However, the director's comments may reflect a growing recognition that "bailouts" that protect banks and their investors, while locking countries into a decade of falling growth and rising poverty, are not only politically unsustainable, they makes little economic sense.

The next step is debt restructuring, which means investors will have to take some losses—a "haircut," interest rates will be lowered, and payments stretched out over a longer period of time. So far, Greece and Portugal are refusing to consider restructuring because it will affect their credit status, but in the end they may have no choice in the matter.

"The basic reality is that we cannot service our debt," Greek economist Theodore Pelagid told the New York Times. "We don't need another bailout, we need creditors to take a hit."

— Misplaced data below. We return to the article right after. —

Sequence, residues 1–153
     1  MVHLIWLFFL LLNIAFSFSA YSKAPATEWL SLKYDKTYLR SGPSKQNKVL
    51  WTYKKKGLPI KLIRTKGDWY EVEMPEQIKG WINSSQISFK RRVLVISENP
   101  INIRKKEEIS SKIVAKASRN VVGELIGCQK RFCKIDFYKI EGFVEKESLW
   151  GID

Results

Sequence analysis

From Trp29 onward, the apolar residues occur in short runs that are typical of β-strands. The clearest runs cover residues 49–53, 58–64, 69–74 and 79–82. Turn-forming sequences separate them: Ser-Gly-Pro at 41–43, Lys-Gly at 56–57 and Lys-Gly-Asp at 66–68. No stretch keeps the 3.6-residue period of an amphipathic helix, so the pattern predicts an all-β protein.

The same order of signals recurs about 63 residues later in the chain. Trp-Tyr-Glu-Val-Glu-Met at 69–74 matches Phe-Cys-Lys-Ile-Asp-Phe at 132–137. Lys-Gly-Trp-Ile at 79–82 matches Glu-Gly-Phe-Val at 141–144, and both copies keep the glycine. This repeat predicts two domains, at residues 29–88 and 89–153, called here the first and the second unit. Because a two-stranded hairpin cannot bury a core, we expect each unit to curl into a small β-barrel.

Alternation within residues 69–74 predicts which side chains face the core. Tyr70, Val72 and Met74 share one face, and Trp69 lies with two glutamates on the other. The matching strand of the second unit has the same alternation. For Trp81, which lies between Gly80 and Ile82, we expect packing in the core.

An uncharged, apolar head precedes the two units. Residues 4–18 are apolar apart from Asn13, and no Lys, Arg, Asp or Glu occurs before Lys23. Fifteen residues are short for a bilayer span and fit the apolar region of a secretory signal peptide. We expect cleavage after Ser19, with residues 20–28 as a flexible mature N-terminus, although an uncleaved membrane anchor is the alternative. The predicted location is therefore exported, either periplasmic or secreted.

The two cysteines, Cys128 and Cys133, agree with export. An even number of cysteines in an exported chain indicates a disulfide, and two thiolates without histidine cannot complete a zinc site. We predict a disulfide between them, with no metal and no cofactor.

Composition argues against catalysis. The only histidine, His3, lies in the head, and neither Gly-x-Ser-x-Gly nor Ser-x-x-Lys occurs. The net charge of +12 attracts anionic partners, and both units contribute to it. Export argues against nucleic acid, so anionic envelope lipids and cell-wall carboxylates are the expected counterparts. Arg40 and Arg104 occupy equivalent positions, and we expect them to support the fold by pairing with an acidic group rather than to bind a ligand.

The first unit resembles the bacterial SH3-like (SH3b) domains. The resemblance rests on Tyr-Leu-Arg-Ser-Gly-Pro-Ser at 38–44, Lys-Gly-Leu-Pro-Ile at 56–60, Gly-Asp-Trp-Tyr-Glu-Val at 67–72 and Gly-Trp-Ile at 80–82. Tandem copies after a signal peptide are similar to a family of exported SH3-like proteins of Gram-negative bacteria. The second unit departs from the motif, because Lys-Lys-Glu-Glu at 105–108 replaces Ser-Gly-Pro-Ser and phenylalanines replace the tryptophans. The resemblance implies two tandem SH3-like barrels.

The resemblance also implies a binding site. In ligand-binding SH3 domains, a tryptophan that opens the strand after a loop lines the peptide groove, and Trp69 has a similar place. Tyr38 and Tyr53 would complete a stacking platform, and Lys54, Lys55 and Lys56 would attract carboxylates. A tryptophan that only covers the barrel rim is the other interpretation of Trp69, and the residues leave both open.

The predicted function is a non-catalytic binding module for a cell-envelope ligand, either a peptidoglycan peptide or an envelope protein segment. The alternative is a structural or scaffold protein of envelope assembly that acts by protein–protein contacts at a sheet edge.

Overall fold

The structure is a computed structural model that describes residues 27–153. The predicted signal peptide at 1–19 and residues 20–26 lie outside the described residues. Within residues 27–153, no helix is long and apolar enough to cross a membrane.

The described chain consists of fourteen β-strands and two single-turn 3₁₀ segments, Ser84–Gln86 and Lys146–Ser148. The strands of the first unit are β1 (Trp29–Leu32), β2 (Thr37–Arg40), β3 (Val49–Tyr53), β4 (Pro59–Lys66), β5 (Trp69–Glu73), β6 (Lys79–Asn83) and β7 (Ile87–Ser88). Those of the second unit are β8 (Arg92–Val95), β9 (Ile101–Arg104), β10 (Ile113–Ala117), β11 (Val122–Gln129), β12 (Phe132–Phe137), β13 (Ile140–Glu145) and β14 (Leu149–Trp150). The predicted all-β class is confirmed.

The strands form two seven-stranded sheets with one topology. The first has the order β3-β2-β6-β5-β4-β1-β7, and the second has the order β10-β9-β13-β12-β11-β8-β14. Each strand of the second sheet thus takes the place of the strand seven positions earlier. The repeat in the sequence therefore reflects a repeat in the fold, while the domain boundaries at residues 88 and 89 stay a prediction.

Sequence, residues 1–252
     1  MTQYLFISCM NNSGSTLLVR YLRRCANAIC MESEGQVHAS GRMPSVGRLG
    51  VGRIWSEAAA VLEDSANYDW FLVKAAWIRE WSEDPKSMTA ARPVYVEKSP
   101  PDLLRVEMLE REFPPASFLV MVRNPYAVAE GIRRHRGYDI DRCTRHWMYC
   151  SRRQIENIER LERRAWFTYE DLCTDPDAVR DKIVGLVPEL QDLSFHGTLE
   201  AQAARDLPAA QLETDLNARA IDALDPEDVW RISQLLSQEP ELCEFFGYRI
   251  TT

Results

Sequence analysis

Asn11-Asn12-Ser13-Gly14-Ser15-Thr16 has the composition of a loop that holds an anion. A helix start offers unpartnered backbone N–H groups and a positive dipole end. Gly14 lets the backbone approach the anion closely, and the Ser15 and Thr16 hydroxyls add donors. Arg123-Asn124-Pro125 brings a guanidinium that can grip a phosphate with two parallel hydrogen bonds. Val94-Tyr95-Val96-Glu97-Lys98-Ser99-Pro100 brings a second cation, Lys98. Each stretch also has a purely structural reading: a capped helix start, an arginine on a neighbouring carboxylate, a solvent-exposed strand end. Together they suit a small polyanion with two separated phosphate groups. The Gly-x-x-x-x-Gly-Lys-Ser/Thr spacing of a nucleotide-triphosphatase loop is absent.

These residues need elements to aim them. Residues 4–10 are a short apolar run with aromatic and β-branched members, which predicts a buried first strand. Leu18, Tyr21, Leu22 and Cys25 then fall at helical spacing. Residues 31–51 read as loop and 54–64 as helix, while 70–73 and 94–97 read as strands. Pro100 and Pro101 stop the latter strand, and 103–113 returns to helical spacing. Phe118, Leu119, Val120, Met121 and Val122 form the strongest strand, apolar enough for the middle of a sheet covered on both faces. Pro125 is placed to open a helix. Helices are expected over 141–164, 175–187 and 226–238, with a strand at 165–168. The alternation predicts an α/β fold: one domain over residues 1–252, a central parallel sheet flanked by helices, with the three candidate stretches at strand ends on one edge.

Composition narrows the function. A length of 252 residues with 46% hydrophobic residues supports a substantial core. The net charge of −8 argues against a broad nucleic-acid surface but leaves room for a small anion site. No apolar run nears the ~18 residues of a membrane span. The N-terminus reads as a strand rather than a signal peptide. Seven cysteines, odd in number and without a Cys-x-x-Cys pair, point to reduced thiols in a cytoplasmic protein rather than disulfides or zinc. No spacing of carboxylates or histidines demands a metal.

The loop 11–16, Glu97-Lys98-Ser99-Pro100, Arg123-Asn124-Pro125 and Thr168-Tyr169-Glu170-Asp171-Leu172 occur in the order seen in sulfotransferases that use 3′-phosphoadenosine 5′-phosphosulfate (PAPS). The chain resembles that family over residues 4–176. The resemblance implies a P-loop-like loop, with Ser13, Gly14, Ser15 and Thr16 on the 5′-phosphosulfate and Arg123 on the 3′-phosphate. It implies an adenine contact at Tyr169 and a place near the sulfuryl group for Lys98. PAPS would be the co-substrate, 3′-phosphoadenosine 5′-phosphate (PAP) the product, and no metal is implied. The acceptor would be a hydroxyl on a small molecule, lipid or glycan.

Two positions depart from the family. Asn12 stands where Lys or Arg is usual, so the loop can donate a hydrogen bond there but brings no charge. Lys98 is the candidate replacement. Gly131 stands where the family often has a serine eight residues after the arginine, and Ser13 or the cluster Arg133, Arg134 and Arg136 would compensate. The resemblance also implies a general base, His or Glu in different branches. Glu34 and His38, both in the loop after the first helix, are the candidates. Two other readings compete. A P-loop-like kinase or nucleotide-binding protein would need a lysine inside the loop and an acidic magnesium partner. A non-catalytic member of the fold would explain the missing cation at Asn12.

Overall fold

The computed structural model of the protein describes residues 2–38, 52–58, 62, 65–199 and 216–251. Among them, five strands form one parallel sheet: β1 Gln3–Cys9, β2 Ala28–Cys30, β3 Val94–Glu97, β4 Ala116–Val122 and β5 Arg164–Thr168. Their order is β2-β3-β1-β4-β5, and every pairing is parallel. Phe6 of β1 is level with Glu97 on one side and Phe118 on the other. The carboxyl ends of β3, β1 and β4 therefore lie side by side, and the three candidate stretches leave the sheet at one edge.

Of course, there is always the Argentine approach: default. Faced with an astronomical debt burden, a stalled economy, and growing poverty, Buenos Aires tossed in the towel and walked away from the debt in 2001. "The economy shrank for just one quarter," writes Mark Weisbrot of the Guardian (UK), "and then grew 63 percent over the next six years, recovering its pre-crisis level of GDP in just three years."

So far there is no talk of defaulting by the financially stressed European countries, but the subject is sure to come up, particularly given the growing anger of the populace at the current austerity programs. Hundreds of thousands of people have poured into the streets of Athens, Lisbon and London to challenge the austerity-debt mantra, demonstrations that are likely to grow in the coming months as the full impact of the cutbacks hit home.

Iceland recently voted to reject a 30-year plan to pay British and Dutch banks $5.8 billion to cover their depositors who speculated on Iceland's high interests rates. Britain and the Netherlands are threatening to block Iceland's EU membership bid if it doesn't pay up, but these days, threats like that might be treated more with relief than chagrin in Reykjavik.